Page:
Reading Digital Literature
Synopses of an
US-German Conference


Dear Readers,

In the context of the conference “Reading Digital Literature” I organized at Brown University in October 2007, Kathetrine Hayles stated in an email: “Now that the initial waves of enthusiasm, hype and counter-hype have given way to sustained creative production and critical inquiry, it is time to move away from highly generalized accounts into detailed and specific readings that account, in media-specific ways, for the practices, effects, and interpretations of important works.” The conference was driffen by exactly this agenda and addressed the questions: How do close readings help develop digital literacy? It was based on the conviction that one task for scholars of literature -- or any hermeneutic discipline open to digital media -- may be to do what Andre Bazin once did for cinema asking how to read a movie and investigating the semiotics of film rather than just content or technique. In doing so, he contributed to the development of cinematic literacy. In like manner, what we need today is the development of “digital literacy”. Digital aesthetics should be concerned with the use digital literature makes of the specific features of digital media to express its thoughts and feelings. How are interactivity, intermediality, performance, and other aspects of digital media applied to convey a specific aesthetic message or performance? What is a digital sign and how can it be read? With what methods can digital literature be approached? The conference aimed to answer these and related questions through close readings of specific examples of digital literature and asked the contributors to discuss pieces with regard to their particular strategies for the expression of significance and affect.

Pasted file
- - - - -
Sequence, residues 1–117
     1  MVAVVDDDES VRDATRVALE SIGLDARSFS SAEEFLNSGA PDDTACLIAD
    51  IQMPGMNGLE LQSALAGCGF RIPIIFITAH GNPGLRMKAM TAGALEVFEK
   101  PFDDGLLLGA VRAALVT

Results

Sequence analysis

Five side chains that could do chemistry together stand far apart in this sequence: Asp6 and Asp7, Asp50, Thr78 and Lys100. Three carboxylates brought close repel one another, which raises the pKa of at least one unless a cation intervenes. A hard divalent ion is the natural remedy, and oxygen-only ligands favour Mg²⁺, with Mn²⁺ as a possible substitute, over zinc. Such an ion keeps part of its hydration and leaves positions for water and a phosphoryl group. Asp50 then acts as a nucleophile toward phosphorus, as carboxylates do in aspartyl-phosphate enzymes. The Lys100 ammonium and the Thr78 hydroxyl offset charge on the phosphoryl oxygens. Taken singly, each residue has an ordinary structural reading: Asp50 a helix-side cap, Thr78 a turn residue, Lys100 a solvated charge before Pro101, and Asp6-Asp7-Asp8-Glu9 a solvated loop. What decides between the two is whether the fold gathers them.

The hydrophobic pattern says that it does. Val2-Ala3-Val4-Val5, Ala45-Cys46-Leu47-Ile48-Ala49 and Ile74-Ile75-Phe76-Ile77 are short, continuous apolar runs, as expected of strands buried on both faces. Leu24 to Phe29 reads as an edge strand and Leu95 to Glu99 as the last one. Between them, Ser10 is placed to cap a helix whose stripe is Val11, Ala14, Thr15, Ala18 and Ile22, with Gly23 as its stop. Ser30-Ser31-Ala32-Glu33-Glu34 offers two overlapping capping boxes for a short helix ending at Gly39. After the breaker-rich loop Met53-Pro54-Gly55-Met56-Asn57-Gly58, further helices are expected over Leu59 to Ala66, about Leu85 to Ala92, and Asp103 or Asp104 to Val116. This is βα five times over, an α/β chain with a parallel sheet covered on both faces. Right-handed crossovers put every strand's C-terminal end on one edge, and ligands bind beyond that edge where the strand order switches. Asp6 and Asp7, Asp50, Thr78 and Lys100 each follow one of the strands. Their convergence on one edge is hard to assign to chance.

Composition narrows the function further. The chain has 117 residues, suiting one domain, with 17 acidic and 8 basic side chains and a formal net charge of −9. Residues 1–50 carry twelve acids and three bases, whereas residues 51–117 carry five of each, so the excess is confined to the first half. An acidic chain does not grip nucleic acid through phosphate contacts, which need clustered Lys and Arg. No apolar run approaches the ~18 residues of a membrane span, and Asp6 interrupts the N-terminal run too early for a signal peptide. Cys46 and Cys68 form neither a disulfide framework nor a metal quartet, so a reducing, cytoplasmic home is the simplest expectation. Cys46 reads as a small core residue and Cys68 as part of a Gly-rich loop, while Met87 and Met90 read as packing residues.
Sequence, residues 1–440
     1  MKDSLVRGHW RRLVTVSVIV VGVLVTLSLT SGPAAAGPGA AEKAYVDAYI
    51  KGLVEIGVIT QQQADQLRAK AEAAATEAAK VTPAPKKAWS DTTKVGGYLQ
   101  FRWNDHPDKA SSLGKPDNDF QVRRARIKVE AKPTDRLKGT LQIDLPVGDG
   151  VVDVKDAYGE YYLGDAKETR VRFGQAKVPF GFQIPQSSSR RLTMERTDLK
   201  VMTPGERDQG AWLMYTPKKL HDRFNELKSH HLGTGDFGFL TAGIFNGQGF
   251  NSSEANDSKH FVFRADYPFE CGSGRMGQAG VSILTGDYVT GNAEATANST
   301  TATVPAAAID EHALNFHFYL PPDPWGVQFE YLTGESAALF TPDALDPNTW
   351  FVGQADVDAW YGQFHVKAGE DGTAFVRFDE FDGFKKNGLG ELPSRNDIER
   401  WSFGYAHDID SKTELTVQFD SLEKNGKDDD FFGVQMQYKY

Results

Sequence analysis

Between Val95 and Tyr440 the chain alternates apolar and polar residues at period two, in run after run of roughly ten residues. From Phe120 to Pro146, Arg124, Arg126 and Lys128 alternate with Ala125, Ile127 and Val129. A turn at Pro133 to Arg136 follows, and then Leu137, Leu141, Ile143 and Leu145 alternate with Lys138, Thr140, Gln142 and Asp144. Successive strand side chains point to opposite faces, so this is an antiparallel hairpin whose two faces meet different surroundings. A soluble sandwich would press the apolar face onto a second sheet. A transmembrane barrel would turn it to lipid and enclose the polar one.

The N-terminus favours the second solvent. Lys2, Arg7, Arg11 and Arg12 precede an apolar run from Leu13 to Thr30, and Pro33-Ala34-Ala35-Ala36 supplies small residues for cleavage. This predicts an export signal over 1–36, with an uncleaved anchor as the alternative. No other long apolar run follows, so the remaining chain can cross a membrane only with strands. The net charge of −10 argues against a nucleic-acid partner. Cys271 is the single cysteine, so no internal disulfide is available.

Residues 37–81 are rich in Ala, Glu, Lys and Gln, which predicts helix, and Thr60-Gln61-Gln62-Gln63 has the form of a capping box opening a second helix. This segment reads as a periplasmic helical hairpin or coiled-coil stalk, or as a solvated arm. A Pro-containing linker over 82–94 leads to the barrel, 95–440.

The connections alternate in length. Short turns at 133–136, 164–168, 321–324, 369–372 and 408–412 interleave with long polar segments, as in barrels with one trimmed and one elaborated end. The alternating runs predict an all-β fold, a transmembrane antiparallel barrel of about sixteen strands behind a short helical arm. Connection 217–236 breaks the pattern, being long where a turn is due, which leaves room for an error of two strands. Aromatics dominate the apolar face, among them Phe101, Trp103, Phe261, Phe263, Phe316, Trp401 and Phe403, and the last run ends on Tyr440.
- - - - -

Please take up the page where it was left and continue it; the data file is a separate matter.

The conference aimed at participants and attendees interested in new topics and methods in the humanities and targeted especially teachers who incorporate digital literature and art into their courses, and students who are attending such courses, as well as all those who create digital literature and art or are simply interested in understanding this new subject. The conference was scheduled, and promoted, in coordination with the Pixilerations festival at Brown University, which itself is part of the FirstWorksProv-Festival in Providence, and contained an exhibition with three installations of digital literature, public screenings of digital literature as well as writing performances of digital literature by Brown-affiliated authors.

The conference’s lectures will be published in print by Roberto Simanowksi, Peter Gendolla and Jörgen Schäfer with the German publisher Transcript. This issue presents the synopses of the talks, the introductory words to the conference and the statements of the conference attendees on what they like and dislike about digital literature.

Roberto Simanowksi